The 2021 edition of the Giro d’Italia is set to start this Saturday in Turin and will finish 21 stages later in Milan on Sunday 30 May.
This year will see riders living up to the unpredictable racing that the Giro is famous for in its usual timeslot in May, tackling 3,450km across Italy’s central and northern regions, with tough gravel sections, the infamous Monte Zoncolan, and two individual time trials included.
The Italian Grand Tour is always interesting and difficult to predict, with the best of the pro peloton generally targeting the Tour de France, leaving the race open for upcoming youngsters and veterans alike. The 2021 edition has 184 names on the start list with 19 WorldTour teams and four ProTeams set to race.
The riders will have hopes to claim one of the four jerseys – the pink jersey (maglia rosa) for the GC, the cyclamen jersery (maglia ciclamino) for the sprinters points classification, the blue jersey (maglia azzurra) for the mountain classification, and the white jersey (maglia bianca) for the young rider’s classification.
Despite a number of early sprint stages, the riders will have the first big day of climbing on stage six. Stage eight and nine will also prove crucial in the first week for the GC riders, with over 3,000m of climbing up some big mountains.
The second week will see the peloton take to the gravel sections, starting on stage 11 between Pergui and Montalcino. The riders face a tough day on stage 14 as they climb up the brutal Monte Zoncolan. Stage 16 is another massive climbing day, with riders facing the best the Dolomites has to offer, taking on the Passo Fedaia, Passo Pordoi and Passo Giau.
The final week will see the peloton head up more mountains, including new Giro finishes on the Sega di Ala on stage 17, and the Alpe di Mera on stage 19, with the latter including a massive 3,700 metres of climbing.
The penultimate stage of the race is an epic mountain stage as usual with 4,800 metre of climbing, including the Passo San Bernadino and Passo Spluga, which are both 2,000 metres above sea level, before a finish on Alpe di Motta.
The Italian Grand Tour is bookended by time trials, both of which are around 30km, which could prove decisive for the GC contenders.
The GC contenders
The top three favourites are Briton Simon Yates (BikeExchange), Egan Bernal (Ineos Grenadiers), and Remco Evenepoel (Deceuninck-QuickStep).
Yates has had a turbulent time with the Giro, having won three stages in the race in 2018 and sitting in the leaders jersey for 13 days before cracking in the last few stages and dropping out of the top 20. He did go on to win the Vuelta a Espana that year and so definitely has the potential to win the Italian Grand Tour. Last year, he was unable to race due to coronavirus.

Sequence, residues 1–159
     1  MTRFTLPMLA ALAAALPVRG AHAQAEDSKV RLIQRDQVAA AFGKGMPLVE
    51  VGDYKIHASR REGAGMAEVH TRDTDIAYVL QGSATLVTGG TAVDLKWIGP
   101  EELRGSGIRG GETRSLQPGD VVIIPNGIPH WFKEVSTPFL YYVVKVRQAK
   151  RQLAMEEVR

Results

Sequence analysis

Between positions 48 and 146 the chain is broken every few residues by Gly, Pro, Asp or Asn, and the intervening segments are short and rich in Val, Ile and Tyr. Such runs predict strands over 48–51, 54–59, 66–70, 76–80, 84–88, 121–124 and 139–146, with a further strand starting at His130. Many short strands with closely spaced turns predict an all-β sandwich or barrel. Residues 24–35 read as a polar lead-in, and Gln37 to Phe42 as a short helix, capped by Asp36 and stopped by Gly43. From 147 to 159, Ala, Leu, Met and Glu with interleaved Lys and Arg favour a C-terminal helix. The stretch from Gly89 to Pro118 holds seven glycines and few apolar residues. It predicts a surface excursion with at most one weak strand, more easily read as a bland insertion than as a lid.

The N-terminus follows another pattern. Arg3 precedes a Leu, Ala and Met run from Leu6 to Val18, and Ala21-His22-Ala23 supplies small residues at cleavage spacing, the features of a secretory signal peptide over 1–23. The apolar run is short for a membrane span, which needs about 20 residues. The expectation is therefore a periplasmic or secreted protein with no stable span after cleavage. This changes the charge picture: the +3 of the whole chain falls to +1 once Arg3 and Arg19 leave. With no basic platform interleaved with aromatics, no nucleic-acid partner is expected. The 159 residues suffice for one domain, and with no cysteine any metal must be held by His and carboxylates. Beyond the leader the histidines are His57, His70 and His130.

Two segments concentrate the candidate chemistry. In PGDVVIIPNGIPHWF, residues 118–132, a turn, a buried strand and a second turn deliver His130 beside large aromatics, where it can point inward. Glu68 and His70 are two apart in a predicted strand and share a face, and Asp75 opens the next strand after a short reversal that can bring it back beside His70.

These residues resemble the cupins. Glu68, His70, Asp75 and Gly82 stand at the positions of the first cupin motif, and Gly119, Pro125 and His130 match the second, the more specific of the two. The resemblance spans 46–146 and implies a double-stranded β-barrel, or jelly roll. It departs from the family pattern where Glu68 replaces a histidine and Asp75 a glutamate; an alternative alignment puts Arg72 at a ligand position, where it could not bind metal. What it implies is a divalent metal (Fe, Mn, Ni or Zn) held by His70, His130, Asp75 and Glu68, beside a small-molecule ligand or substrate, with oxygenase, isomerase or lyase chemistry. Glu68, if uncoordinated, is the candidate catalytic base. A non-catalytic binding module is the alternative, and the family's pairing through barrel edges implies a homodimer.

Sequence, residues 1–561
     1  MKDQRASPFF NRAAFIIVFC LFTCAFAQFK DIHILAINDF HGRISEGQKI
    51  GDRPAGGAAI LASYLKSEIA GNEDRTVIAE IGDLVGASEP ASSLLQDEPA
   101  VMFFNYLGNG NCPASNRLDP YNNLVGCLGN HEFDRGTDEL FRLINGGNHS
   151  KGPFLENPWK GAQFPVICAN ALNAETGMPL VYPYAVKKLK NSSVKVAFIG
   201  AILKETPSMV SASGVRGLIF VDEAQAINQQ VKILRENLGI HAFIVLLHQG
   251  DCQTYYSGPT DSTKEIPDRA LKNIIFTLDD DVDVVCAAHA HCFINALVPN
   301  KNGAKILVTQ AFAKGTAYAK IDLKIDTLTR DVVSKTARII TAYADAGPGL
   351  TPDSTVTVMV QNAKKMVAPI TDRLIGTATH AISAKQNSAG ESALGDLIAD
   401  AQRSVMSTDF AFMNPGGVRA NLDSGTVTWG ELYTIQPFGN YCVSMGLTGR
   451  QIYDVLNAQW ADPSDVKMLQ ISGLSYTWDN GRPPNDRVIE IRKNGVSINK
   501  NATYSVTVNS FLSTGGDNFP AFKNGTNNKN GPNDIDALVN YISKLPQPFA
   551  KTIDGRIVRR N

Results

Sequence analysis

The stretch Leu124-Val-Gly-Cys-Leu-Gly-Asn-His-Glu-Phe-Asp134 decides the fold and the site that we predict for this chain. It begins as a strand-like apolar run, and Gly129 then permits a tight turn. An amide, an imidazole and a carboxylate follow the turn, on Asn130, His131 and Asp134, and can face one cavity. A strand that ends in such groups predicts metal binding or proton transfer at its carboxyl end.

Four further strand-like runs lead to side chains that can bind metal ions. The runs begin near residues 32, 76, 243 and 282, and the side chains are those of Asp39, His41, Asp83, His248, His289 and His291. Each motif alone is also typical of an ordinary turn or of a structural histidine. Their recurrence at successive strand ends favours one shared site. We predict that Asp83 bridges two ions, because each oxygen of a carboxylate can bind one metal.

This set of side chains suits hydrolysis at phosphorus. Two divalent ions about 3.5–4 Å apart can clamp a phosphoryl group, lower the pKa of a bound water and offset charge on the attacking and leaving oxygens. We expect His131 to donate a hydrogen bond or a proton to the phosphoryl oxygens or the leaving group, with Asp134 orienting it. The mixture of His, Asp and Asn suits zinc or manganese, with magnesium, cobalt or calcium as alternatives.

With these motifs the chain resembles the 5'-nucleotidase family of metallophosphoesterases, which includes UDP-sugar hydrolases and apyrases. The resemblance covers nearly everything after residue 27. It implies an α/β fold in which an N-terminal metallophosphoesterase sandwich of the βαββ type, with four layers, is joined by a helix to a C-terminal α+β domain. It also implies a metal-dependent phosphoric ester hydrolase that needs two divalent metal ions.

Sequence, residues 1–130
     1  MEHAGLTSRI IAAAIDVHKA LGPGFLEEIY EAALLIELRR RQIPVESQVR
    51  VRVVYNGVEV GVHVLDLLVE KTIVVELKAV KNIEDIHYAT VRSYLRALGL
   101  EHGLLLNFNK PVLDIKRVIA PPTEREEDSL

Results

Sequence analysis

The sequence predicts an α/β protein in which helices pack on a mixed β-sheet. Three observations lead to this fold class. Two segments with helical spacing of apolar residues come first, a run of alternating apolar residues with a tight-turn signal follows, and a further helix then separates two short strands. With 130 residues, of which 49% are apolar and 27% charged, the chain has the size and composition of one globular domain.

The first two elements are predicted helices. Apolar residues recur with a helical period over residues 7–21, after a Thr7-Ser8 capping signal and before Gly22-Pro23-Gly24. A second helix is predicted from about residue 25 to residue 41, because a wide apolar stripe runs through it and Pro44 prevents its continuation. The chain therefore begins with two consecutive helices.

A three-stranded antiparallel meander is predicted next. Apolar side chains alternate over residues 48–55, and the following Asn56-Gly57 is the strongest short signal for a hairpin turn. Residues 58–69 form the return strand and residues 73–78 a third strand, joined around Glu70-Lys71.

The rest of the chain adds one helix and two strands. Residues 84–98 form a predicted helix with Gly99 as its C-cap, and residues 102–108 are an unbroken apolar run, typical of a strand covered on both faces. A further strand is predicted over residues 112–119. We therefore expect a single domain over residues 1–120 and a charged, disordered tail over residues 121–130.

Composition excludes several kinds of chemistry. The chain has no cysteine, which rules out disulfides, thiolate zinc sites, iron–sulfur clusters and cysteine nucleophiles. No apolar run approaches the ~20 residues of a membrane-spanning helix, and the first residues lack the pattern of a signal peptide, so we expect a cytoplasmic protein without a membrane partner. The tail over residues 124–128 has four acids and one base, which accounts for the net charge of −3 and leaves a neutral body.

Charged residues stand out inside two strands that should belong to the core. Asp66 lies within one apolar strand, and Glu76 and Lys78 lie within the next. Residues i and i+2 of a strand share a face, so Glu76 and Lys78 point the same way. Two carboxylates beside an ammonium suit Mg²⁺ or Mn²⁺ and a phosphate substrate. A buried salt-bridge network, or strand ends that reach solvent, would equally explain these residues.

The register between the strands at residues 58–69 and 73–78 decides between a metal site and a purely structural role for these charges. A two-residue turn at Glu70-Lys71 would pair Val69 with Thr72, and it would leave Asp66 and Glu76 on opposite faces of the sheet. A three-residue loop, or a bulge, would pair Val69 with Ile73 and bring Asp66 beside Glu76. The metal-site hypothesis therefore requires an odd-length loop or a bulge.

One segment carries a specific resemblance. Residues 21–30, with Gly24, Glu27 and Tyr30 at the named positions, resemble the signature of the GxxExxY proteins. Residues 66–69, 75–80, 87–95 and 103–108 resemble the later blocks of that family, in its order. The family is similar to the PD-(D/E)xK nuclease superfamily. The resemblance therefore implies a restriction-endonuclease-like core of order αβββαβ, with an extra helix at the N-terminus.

This year, Yates is in phenomenal form, winning the Tour of the Alps a few weeks ago. BikeExchange carefully selected the team based around Yates and, combined with his determination, he is sure to be in with a shot of wearing pink.
British super team Ineos Grenadier are the defending champions at the Giro but have swapped Geoghegan Hart with Bernal as he looks to the Tour de France. Bernal has suffered with back issues since last year but has had podium finishes at the Tour de la Provence, Strade Bianche, and Tirreno-Adriatico. When he is on form, Bernal is one of the world’s best climbers. However, Ineos have said that Pavel Sivakov will act as a “joint leader” depending on how the Giro plays out. Time trial world champion Filippo Ganna will also be vital for Ineos on the bookending stages.
The favourite underdog is definitely 21-year-old Belgian Evenepoel who will be making his Grand Tour debut. Having not raced since August last year, his form is questionable, but his versatility gives him an edge on the other GC contenders. Evenepoel’s time trialling ability gives him a big advantage, but Deceunick-QuickStep also have Joao Almeida as a backup if necessary.
Other riders who could be in with a chance are Mikel Landa (Bahrain-Victorious), who is remarkably consistent, Emanual Buchmann (Bora-Hansgrohe), who finished fourth in the Tour last year, the 2020 Giro d’Italia runner up, Jai Hindley (DCM), and the only actual Giro winner on the start list, Vincenzo Nibali (Trek-Segafredo), who broke his wrist less than three weeks ago.
The Italian Grand Tour also has a strong field of sprinters this year who will be battling for the points classification.
Caleb Ewan (Lotto Soudal) is arguably the fastest man in the Giro peloton, having won three of its stages. The Australian’s climbing abilities also gives him an advantage over the other sprinters, but he has only claimed one victory this year.
Dylan Groenwegen (Jumbo Visma) will return to racing following his suspension in last year’s Tour of Poland. The Dutchman has incredible speed when he is on form, but it is difficult to know what to expect after his absence.
The legendary Peter Sagan (Bora Hansgrohe) will be taking to the start line, having just won back-to-back stages at the Volta a Catalunya and Tour de Romandie.
Other sprinters include Fernando Gaviria (UAE-Team Emirates) and Elia Viviani (Cofidis).
Where to watch
The Giro d’Italia will be covered live by Eurosport and GCN+ from Saturday 8 May until Sunday 30 May.
The first stage will be televised from 1pm on Saturday.
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